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can mean the difference between life and death when an emergency
arises, and a walk around the block or a hike through the woods may
be dangerous or even prove fatal if you lack the right knowledge to
care for a pet in an emergency situation.
Gordon, associate professor at Texas A&M University's College
of Veterinary Medicine & Biomedical Sciences gives pet owners
some helpful tips on taking care of an animal when time is
many every day activities that can be hazardous for pets if the
right action is not quickly taken. One of the most common emergency
situations is when an animal is involved in a car accident. Any
time an animal collides with a motorized vehicle, it should be
taken immediately to a veterinarian, even for what appears to be
minor bumps and bruises.
cats do not have the ability to tell us where it hurts and there
may be internal problems that cannot be noticed by the owner," said
damage caused by an accident leaves the pet immobile, Gordon
suggests using a large towel or heavy blanket held tightly to
simulate a stretcher to carry the animal. Never pick up an injured
animal and hold it unless it is very small and can be sufficiently
It is important to
be careful when working around injured animals that are in pain
because they may accidentally bite or become aggressive even toward
to keep the pet warm and use clean fabric like a towel, a bandage,
or a T-shirt to cover any open wounds. This will help keep the
wound clean and allow the blood to clot to help limit
is profuse bleeding from a wound, firmly apply a clean towel or
some other fabric to the area and apply continuous
best not to use a tourniquet, but if one is applied, release it
every ten minutes," Gordon added.
also occur on routine hiking and camping trips and immediate
veterinary care may not be available. If a pet receives an open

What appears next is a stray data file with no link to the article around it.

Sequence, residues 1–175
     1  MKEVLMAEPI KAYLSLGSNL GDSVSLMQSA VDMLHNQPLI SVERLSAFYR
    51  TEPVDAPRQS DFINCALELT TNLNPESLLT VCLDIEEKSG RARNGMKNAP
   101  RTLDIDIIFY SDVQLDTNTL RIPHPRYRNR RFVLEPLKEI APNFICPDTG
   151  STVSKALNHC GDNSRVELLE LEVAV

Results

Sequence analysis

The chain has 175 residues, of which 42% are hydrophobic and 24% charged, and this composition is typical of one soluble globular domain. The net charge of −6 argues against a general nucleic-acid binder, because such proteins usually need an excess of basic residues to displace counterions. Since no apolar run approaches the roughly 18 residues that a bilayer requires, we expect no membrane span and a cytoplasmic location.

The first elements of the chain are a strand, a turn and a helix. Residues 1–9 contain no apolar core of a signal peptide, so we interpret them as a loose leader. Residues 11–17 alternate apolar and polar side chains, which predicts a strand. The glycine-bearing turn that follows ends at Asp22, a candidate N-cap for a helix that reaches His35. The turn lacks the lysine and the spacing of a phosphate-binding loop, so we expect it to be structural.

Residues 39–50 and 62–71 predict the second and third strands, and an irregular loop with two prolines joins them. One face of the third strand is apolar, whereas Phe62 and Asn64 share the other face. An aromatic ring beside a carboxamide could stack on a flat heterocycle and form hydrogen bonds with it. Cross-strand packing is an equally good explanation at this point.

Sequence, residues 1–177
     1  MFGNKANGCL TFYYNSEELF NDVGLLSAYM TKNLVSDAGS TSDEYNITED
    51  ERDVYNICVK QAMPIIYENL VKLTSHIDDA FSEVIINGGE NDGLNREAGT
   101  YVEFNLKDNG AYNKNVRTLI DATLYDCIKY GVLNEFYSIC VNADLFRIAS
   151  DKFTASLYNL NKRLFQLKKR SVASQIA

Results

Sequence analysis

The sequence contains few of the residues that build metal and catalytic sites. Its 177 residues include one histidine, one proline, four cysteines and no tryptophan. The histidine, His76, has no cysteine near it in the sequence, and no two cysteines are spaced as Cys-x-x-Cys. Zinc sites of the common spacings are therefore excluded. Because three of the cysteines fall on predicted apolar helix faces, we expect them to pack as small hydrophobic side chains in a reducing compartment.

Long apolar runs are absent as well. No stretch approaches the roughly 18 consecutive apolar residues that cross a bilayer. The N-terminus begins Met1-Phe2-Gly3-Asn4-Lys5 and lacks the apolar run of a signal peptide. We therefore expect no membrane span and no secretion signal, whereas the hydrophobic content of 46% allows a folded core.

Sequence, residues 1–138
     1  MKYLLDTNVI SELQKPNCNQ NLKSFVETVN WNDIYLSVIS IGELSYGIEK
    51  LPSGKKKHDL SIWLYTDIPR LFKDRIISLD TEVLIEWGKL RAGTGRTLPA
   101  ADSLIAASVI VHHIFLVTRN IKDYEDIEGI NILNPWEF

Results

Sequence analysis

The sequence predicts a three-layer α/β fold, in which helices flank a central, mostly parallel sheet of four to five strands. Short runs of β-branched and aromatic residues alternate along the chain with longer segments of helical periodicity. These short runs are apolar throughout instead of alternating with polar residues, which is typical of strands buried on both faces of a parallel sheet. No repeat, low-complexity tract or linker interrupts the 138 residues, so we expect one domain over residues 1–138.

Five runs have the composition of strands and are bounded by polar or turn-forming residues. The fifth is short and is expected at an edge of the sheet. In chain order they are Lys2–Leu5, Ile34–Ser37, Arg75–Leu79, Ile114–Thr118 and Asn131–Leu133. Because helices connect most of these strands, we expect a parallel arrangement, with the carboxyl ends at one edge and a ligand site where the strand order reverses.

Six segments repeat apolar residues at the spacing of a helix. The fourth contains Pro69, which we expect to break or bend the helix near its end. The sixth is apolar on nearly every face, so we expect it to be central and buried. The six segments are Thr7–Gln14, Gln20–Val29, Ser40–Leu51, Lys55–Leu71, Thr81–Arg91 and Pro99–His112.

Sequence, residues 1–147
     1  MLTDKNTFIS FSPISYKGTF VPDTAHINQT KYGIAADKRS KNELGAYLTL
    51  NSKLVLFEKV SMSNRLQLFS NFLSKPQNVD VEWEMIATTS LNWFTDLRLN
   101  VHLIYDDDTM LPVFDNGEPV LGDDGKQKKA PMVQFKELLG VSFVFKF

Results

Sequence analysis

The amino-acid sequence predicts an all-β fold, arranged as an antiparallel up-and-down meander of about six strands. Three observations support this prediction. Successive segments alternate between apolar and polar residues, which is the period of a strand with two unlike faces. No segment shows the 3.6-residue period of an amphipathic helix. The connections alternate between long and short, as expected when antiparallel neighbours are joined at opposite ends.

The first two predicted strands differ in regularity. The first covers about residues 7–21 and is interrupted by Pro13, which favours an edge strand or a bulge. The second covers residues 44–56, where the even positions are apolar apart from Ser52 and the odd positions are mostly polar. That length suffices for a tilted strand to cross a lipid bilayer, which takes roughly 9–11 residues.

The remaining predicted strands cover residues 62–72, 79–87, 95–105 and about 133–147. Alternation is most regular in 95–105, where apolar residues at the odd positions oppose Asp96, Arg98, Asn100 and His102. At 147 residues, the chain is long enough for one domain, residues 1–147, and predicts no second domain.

wound during the journey, use clean tepid water to cleanse the
area. Dishwashing liquid, detergents, astringents, and alcohol are
too abrasive for use on open wounds and can actually cause
additional damage to the tissue.
veterinarian should treat any infections that arise. Gordon advises
against administering any human pain relievers or other medications
to an animal unless directed by a veterinarian because many human
drugs are not safe for animals and can lead to severe complications
such as ulcers, liver failure or even death.
exploring the great outdoors, be wary of snakes. If an owner
suspects a pet has been bitten by a venomous snake, examine the
animal closely and try to identify the location of the bite, and if
possible, the type of snake (take a picture with your phone if
possible). This information is extremely helpful to the
veterinarian when deciding how to care for the pet.
neck bites are by far the most serious, and require immediate
veterinary care because severe swelling in this area can cause
will help control the swelling and blood vessel dilation that
allows the venom to spread," said Gordon.
the ocean can present problems if a pet falls in and is not a
strong swimmer. It is best to purchase a lifejacket for your animal
to wear when participating in water activities such as
lifejackets come with a handle on the back allowing the owner to
pick up the animal safely and easily from the water if it falls
in," Gordon noted.
traveling to a natural setting, especially during the summer
months, it is best to bring a lot of water as well as a leash even
if the pet is well trained to verbal commands.
humans both require a lot of water and leashes provide important
restraint in case an owner needs to control their pet in a
dangerous situation," said Gordon.
explained that dangerous situations can arise outdoors but also
inside a house. Hazardous chemicals and all medications should be
kept out of reach at all times.
like young children and the same precautions should be taken with
both," advised Gordon.
aware of potential dangerous situations and keeping man's best
friend in mind when emergency strikes is an important part of being
a pet owner, and a special way of reciprocating the love that they
provide every day.
is a service of the College of Veterinary Medicine & Biomedical
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